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So this question is to help me better understand the inner workings of the Cocoa-touch framework and it may seem like a very simple question.

If you were to create a command line tool using Xcode, for example, using Core Data, Xcode generates methods in the "main.m" file that take in parameters in parentheses rather than the colon that is indicative of Objective-C. For example the following is the generated method declaration

static NSManagedObjectContext *managedObjectContext()

But, there is still Objective-C messages being sent inside the methods. For example,

NSString *path = [[[NSProcessInfo processInfo] arguments] objectAtIndex:0];
path = [path stringByDeletingPathExtension];
NSURL *modelURL = [NSURL fileURLWithPath:[path stringByAppendingPathExtension:@"momd"]];
model = [[NSManagedObjectModel alloc] initWithContentsOfURL:modelURL];

Is this because the main.m file is a C/C++ file and not a Objective-C file, even though they share the same file extensions? Thanks for any insight!

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The declaration:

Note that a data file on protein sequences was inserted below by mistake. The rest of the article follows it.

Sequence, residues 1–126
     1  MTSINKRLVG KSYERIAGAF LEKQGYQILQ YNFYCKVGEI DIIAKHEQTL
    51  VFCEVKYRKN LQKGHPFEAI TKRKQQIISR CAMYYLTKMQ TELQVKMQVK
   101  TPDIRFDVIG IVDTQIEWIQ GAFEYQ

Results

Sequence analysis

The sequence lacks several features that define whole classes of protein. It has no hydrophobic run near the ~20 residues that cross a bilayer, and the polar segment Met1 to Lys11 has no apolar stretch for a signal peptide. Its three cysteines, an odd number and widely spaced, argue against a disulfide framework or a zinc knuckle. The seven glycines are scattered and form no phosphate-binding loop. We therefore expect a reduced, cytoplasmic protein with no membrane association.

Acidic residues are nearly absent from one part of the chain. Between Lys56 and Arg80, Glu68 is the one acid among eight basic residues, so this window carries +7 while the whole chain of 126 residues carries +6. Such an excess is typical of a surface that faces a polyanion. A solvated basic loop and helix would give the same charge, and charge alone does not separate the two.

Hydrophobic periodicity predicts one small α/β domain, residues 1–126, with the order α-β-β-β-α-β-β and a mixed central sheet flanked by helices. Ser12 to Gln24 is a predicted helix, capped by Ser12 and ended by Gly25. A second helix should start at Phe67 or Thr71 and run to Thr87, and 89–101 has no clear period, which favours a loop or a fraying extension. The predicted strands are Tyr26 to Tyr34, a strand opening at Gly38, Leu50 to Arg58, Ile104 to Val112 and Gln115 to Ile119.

static NSManagedObjectContext *managedObjectContext();

is a C function which can be declared and defined within Objective-C source files without problem. However you cannot do the opposite of declaring Objective-C classes and methods within a C source file; for example this is illegal:


@interface MyObject

- (int)nothing:(int)value
    return value;

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That's true, but you can use the objc runtime to create classes in C: stackoverflow.com/questions/10289890/… – Richard J. Ross III Jul 5 '12 at 17:16

Basically, while Objective-C has "class methods" that can viewed as an extended version of C++ static methods, there's often no benefit in using these compared to ordinary C functions.

Even less so if you don't have a class anyway (in which case you are merely adding the Objective-C overhead).

Objective-C is called Objective-C for a reason: it's made up of "Objective-" and "C". There is no need to ignore the "C" part. And it's not too uncommon to have different ways of doing the same thing with little or even no "real" difference.

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Not entirely true. Class methods in Obj-C have one major advantage: you can use self as an object, to pass to other methods, as a delegate, or an observer, or even add iVars / associated objects! – Richard J. Ross III Jul 5 '12 at 17:16

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